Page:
In the case of an egalitarian distribution, each student has a similar status, whereas in a hierarchical peer group a small number of students has a relatively high peer status and is in that sense more socially dominant (Brown, 2011). At the student level, likeability and popularity reflect two aspects of peer status (Cillessen, 2011). Whereas likeability is a combination of how well a student is liked by every other individual in the classroom, popularity refers to a students visibility, dominance, or prestige and thus more directly reflects a position in the peer ecology (Cillessen, 2011).
When likeability or popularity is distributed highly hierarchically in the class, only some students are liked by the majority of their peers or are considered to be highly popular. Schafer, Kron, Brodbeck, Wolke, and Schulz (2005) found that with a more pronounced status hierarchy, there was more negative behavior “ in their study tapped by bullying and victimization “ than in classrooms where social status was distributed more equally. Furthermore, a study by Cappella, Kim, Neal, and Jackson (2013) showed that students in classes with a more egalitarian structure were more behaviorally engaged than students in classes with less network equity.1.1.3. Social behaviorA third aspect of the peer ecology is the social behaviors that characterize daily interactions among peers. In the current study we focus on both positive (prosocial) and negative (aggressive) behaviors.
Two of the most basic prosocial behaviors are cooperating and helping (Rubin et al., 2006). Aggression has often been sub-divided into overt aggression (hitting, calling each other names) and relational aggression (gossiping, excluding others; Crick & Grotpeter, 1995). As the prevalence or commonness of such behavior describes what is currently normal behavior in a group, we use the term descriptive norm (see Chang, 2004 and Lapinski and Rimal, 2005).
Next to current commonness of behaviors, classroom descriptive norms are associated with future prevalence of behaviors, as social behaviors tend to be contagious ( Dishion & Piehler, 2009); in classrooms where aggression is the norm, students tend to conform to this norm and become more aggressive themselves ( Espelage et al., 2003 and Thomas et al., 2006).
Furthermore, descriptive norms predict how strongly behaviors are associated with acceptance or rejection ( Chang, 2004).1.2. Teacher support and conflictGiven the importance of the classroom peer ecology as a social context for students development, it is necessary for teachers to understand how they may, unwillingly or deliberately, affect these ecologies. Gest and Rodkin (2011) suggested that the teacher, who has a position close to the peer group, is the one professional who has the opportunity to oversee and affect the classroom peer ecology.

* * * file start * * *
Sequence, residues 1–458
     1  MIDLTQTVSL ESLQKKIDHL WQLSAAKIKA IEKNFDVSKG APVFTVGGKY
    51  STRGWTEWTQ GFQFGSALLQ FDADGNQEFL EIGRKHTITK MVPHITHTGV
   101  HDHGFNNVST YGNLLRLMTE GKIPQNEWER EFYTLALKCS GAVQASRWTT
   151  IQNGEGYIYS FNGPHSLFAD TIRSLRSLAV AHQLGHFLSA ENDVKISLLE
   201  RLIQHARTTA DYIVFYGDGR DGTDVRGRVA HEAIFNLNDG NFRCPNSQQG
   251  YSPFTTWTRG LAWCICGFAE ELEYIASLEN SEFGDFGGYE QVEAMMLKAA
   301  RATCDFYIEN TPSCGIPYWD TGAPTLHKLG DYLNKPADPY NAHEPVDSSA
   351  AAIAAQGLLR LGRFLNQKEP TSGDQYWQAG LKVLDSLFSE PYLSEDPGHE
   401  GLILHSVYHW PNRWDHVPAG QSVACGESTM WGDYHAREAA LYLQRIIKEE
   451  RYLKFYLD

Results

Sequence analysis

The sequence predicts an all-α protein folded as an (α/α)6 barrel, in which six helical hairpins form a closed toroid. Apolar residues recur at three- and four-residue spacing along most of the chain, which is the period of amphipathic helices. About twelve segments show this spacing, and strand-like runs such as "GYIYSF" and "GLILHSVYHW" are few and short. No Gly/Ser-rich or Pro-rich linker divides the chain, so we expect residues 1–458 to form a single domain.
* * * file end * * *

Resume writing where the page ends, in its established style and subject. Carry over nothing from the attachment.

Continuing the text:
Gest and Rodkin developed a model of how teacher practices affect students individual development, partly through affecting the classroom peer ecology. They described how the peer ecology is impacted both by everyday teacher“student interactions and by network-related teaching, that is, conscious teaching strategies directly aimed at affecting peer relationships. In the present study the focus is on everyday teacher“student interaction, and more specifically on the amount of support and conflict in teacher“student relationships and interactions. Teacher support, or warmth, fosters individual students social (e.g.
, Luckner and Pianta, 2011 and Verschueren et al., 2012) and academic adjustment (e.g., Cornelius-White, 2007 and Den Brok et al., 2004), whereas teacher conflict amplifies externalizing behavior (e.g., Doumen et al.
, 2008 and Runions, 2014) and is negatively related to academic achievement (e.g., Ladd et al.
, 1999 and Mantzicopoulos, 2005).In daily classroom practice, teachers interact both with individual students and with the classroom group as a whole. Wubbels et al.
(2015) argued that teachers differ in the extent to which they establish warm, supportive relationships at these two levels. A teacher who shows much support to individual students may not be able to establish supportive interactions during whole-class teaching. Another teacher may convey much warmth or support when teaching the class as a whole, but may keep individual interaction formal and less supportive. Corresponding to these conceptually different levels, studies have either investigated teacher support and conflict with a specific student as the object (e.g., Hughes et al., 2001 and Verschueren et al., 2012) or as more general “ in the sense of not student-specific “ teacher or classroom characteristics (e.
g., Luckner and Pianta, 2011 and Mainhard et al., 2011). A study by Den Brok, Brekelmans, and Wubbels (2006) illustrates the relevance of distinguishing student-specific from general teacher support and conflict; Den Brok et al. found qualitative differences in teacher support, depending on whether the class as a whole or individual students were the focus in otherwise similar questionnaire items.